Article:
Pediatric Surgery, AlSadik Hospital, Qatif, Saudi Arabia
Persistent Müllerian duct syndrome (PMDS) is a rare disorder of sexual development.
It was first described by Nilson in 1939.
It is also called persistent oviduct syndrome.
It is considered by some to be a form of pseudohermaphroditism due to the presence of Müllerian derivatives.
This syndrome is characterized by the persistence of Mullerian duct derivatives (i.e. uterus, cervix, fallopian tubes and upper two thirds of vagina) in a phenotypically (normal male reproductive organs and normal male external genitalia) and karyotypically (46, XY) male patient.
Persistent Müllerian duct syndrome is usually caused by deficiency of fetal anti-Müllerian hormone (AMH) effect due to mutations of the gene for AMH or the anti-Müllerian hormone receptor, but may also be as a result of insensitivity to AMH of the target organ.
PMDS is caused by mutations in the AMH gene (PMDS type 1) or AMHR2 gene (PMDS type 2) and is inherited in an autosomal recessive manner.
It affects males who have normal chromosomes (46, XY) and have normal male reproductive organs and normal male external genitalia.
Persistent Müllerian duct syndrome affects only males and is inherited in an autosomal recessive pattern.
Affected males with this disorder have normal male reproductive organs. They also have internal female reproductive organs (a uterus and fallopian tubes).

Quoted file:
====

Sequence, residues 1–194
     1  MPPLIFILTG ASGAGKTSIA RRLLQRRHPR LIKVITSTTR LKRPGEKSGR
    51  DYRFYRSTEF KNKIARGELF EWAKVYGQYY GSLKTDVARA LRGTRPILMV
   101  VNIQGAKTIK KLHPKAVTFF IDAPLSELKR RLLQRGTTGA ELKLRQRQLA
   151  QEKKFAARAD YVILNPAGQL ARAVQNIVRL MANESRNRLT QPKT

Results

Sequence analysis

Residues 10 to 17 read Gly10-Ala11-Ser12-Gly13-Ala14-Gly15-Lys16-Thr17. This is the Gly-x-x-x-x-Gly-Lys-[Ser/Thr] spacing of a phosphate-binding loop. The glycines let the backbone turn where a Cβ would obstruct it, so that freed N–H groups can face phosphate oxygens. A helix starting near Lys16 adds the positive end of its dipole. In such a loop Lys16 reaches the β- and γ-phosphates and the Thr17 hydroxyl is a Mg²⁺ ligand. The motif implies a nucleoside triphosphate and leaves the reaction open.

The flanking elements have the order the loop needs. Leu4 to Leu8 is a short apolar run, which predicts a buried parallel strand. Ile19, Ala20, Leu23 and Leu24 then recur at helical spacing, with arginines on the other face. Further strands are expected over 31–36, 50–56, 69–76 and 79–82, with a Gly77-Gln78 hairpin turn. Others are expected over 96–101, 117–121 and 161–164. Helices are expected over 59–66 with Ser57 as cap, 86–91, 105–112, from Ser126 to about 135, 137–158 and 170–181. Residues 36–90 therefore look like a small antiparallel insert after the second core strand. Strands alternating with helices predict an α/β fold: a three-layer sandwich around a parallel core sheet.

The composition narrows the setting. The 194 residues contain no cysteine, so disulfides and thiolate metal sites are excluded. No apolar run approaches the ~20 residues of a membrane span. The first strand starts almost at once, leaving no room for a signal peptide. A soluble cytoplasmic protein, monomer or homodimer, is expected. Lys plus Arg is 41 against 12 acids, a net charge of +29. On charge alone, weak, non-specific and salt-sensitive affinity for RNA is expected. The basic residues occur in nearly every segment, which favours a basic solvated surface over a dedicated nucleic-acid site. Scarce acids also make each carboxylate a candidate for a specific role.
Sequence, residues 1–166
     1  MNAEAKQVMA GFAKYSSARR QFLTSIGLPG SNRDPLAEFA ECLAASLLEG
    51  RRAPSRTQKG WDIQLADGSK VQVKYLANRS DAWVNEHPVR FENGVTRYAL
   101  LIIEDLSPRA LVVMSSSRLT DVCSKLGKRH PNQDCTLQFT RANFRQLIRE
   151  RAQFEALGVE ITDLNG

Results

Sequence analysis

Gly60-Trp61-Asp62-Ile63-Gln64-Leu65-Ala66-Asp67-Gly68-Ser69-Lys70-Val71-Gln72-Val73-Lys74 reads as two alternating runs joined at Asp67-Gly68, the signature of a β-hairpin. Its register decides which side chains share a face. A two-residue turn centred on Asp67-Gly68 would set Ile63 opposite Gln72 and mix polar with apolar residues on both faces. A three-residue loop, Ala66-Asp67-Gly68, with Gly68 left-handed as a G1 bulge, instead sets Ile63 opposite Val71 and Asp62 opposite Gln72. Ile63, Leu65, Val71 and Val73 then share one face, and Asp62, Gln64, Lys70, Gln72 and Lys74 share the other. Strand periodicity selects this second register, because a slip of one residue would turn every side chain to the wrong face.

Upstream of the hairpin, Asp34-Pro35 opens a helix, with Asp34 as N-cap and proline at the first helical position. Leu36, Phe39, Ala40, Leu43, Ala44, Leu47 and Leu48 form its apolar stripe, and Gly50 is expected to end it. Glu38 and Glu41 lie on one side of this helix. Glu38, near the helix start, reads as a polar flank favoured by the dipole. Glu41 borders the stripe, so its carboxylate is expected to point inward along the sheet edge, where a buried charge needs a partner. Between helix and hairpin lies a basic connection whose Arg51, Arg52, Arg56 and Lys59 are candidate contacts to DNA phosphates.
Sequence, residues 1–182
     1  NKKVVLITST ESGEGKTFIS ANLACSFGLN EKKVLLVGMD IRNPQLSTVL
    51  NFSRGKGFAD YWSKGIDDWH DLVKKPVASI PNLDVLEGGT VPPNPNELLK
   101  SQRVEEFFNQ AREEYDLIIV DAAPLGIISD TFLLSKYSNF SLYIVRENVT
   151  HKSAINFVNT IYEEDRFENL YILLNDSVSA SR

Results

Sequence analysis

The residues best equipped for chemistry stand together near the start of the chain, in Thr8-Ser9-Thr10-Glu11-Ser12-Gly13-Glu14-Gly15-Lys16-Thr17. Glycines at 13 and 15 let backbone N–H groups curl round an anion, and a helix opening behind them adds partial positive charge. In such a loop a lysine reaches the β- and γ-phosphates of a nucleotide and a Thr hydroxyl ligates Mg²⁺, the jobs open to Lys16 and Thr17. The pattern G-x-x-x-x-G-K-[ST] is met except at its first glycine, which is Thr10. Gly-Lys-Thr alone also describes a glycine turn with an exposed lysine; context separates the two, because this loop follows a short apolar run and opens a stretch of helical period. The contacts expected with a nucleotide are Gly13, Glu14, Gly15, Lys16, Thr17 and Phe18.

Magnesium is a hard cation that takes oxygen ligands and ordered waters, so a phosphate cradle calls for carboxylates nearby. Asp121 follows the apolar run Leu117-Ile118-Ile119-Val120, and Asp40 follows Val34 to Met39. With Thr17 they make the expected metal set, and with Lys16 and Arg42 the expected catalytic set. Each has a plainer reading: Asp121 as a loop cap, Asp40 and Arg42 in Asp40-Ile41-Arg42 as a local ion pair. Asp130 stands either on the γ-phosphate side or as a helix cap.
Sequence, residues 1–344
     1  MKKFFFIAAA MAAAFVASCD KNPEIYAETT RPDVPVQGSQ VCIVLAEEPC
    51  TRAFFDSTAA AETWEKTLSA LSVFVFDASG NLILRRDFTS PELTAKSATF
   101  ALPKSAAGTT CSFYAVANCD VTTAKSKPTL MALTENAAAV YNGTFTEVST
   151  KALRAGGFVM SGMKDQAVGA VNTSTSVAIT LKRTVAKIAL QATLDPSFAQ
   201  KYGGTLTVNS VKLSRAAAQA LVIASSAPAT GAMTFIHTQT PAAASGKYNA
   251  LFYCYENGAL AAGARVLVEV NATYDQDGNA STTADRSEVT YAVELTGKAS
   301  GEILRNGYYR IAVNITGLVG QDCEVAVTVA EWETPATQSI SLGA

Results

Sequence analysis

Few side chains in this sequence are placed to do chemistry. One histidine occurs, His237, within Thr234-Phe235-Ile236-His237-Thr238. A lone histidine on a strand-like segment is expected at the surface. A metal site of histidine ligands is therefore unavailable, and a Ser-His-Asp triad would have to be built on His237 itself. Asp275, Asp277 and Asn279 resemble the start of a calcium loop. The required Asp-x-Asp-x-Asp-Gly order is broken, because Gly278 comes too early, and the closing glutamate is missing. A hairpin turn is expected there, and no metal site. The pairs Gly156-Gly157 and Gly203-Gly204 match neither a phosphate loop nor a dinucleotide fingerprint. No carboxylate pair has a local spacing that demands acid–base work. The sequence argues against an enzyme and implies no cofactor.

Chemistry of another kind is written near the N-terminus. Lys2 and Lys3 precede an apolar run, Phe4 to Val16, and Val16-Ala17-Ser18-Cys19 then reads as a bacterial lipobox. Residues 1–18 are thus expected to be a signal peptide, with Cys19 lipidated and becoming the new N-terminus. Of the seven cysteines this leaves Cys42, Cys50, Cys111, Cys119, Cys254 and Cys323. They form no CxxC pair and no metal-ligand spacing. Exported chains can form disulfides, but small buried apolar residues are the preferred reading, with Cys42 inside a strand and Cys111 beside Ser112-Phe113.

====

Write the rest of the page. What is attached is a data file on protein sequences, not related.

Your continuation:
The clinical features of PMDS depends on the mobility of the Müllerian derivatives (the uterus and fallopian tubes) which leads to either cryptorchidism or inguinal hernia. If the uterus and fallopian tube are mobile, they may descend into the inguinal canal during testicular descent. However, if the Müllerian derivatives are relatively immobile testicular descent may be impeded and the patient presents with undescended testes either unilateral or bilateral.
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10.2 Embryology of Persistent Müllerian Duct Syndrome
The normal sexual differentiation depends on the genetic sex (XX or XY), which is established at the time of conception.
Following conception, the fetus is sexually indifferent with two different bipotential gonads and two pairs of internally developing Wolffian and Müllerian ducts.
These two undifferentiated bipotential gonads develop from the urogenital ridge and ultimately develop into either a testis or an ovary.
In addition to these bipotential gonads, fetuses of both sexes have also two sets of internal ducts: the Müllerian ducts and the Wolffian ducts which develop by 6–7 weeks of intra-uterine life.
Expression of sex-determining genes on the early bipotential gonad promotes development of the gonad into either a testis or an ovary.
Various genes expressed by the Y chromosome at very specific times during development are responsible for the differentiation of the testes.
In a male fetus, the testis differentiates by the end of the seventh gestational week.
A 35-kilobase (kb) gene determinant located on the distal short arm of the Y chromosome, known as the SRY (sex determining region of the Y chromosome) is responsible for initiating the indifferent gonads to develop into testes.